April showers have been hitting the UK hard recently, telling us that spring is finally here. And that’s great – the days get longer, trees and flowers begin to blossom, and the urge to declutter seems to strike everyone in some form or another. But despite this, I must confess that spring is actually quite lost on me. For me, it’s all about summer.
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I’ve been looking into holidays recently, and every year the same dream destination comes to mind: Australasia. More specifically, New Zealand and Australia.
It’s not just the scenic landscapes, unique wildlife or the fact that you can visit Hobbiton (shout-out to Lord of the Rings fans) that intrigues me. It’s an area that really retains a sense of adventure, in more ways than one. Take the weather for example: from Melbourne to Wellington, it’s said that you can experience four seasons in one day. But while this seems exciting, the recent extreme weather has shown it’s not always a good thing.
It wasn’t Middle-earth that had a shadow cast over it this time. Rather, March proved to be a turbulent month for Australia, being hit with not one, but two cyclones. Tropical Cyclones Trevor and Veronica brought about severe wind damage and flooding across the country’s east and west coasts.
Trevor first made landfall in Queensland on 19 March, while Veronica formed off the northwest coast of Western Australia the following day. As Trevor struck again on 23 March by Port McArthur, Veronica edged its way west across the country before making landfall near Karrama and Port Hedland on 24 March, with wind speeds of up to 137 mph. Residents were evacuated and mining companies were on high alert as a state of emergency was declared.
In preparation for Cyclone Trevor, Glencore implemented its standard cyclone procedures at the company’s McArthur River mine in the northeastern Northern Territory. The company stated that it was not only suspending mining operations onsite, but also halting shipping operations at its Bing Bong loading facility. In the wake of Trevor, Glencore confirmed that its zinc mine operations were resuming, and that “all our workforce have remained safe and our infrastructure and water management systems are in excellent condition.”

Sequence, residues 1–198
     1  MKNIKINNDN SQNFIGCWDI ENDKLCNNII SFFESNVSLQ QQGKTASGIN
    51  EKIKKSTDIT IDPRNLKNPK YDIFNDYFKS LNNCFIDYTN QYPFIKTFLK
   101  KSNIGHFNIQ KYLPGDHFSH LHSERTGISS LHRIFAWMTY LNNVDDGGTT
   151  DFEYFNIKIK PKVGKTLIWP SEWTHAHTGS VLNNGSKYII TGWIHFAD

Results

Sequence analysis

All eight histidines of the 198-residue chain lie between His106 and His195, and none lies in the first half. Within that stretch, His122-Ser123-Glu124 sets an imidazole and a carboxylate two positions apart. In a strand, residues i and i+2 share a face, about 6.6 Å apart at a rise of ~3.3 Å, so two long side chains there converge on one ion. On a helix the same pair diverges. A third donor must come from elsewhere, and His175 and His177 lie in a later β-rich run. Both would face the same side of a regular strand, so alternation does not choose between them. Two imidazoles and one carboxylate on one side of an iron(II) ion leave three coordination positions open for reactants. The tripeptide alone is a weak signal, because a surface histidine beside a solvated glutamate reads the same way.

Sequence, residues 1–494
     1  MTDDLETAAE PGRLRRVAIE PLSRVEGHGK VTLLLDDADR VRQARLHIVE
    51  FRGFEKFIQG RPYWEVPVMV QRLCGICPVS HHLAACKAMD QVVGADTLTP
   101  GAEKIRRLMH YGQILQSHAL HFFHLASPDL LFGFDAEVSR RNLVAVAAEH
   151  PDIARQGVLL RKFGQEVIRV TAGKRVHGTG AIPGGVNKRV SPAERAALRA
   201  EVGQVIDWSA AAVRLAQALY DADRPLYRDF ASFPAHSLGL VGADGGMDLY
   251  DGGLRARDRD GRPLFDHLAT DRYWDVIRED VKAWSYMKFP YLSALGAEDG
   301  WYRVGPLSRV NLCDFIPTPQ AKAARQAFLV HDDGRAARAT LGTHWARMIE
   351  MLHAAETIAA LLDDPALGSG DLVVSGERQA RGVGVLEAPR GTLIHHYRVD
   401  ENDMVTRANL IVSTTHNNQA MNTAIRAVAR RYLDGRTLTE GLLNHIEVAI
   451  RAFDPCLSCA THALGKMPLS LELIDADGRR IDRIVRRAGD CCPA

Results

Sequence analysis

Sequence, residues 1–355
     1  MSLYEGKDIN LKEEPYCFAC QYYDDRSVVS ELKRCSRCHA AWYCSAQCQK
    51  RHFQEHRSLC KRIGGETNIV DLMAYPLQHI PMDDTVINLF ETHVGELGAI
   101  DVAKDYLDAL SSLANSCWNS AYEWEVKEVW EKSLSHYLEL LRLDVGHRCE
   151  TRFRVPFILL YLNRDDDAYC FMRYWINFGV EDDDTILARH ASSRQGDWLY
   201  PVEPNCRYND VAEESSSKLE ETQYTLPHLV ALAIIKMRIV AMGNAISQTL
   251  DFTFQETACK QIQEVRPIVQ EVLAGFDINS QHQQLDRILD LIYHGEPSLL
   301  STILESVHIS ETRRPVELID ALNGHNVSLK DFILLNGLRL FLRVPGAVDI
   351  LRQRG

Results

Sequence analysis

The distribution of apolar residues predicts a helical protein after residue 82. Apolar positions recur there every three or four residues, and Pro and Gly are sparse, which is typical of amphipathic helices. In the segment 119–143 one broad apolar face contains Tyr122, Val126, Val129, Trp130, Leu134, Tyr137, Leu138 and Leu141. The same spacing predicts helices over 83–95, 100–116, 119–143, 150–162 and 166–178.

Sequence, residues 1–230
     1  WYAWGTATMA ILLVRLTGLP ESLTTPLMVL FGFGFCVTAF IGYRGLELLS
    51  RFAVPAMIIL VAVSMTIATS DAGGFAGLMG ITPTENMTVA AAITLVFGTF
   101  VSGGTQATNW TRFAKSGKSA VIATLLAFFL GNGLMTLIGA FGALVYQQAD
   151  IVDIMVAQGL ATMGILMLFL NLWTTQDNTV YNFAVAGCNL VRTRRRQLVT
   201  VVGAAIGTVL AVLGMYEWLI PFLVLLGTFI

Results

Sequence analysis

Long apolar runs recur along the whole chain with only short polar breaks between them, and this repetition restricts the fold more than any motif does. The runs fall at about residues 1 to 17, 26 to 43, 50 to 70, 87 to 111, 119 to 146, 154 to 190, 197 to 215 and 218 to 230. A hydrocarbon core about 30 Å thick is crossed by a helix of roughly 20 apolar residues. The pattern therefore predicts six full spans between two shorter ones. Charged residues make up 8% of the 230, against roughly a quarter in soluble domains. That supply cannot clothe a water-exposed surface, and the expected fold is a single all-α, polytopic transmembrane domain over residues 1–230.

On 20 March, Rio Tinto halted its Weipa bauxite mining operations in Cape York Peninsula in Queensland in preparation for Trevor. Meanwhile, twin Veronica caused the suspension of the company’s iron ore operations in Western Australia’s Pilbara region. Though operations are now resuming, it was discovered that some damage was done to its Cape Lambert A terminal, to which Rio Tinto declared a force majeure on certain contracts and has since been working with customers to minimise any supply stoppages. The cyclone is predicted to cause the company a loss of around 14 million t of production in 2019; a result of the halt in supply and reparation at its port facilities.
In the aftermath of Veronica, BHP’s Port Hedland operations are finally ramping up after its brief suspension. No critical damage was caused by the storm, but severe flooding across the site and rail lines to the port has hindered freight movements. This hiatus means the port is operating at reduced rates; at the time of writing, the company’s preliminary estimate of the cyclone’s impact in production is a loss of up to 8 million t. Nevertheless, BHP remains optimistic, stating: “We are engaging with our customers and intend to meet our contractual commitments.”
Something worth noting is that in its March climate summary for Western Australia, The Bureau of Meteorology reported that “Veronica produced rainfall, which were five to seven times of March average, along the Pilbara coast and adjacent inland between Port Headland and Karratha; a number of sites had their wettest March on record or wettest March since 1988.”
It’s been suggested that Tropical Cyclone Veronica alone will cost mining giants approximately US$2 billion in revenue following the more than 15 million t in lost exports. Yet hope remains, as miners are determined to make up for the lost tonnages over the coming months.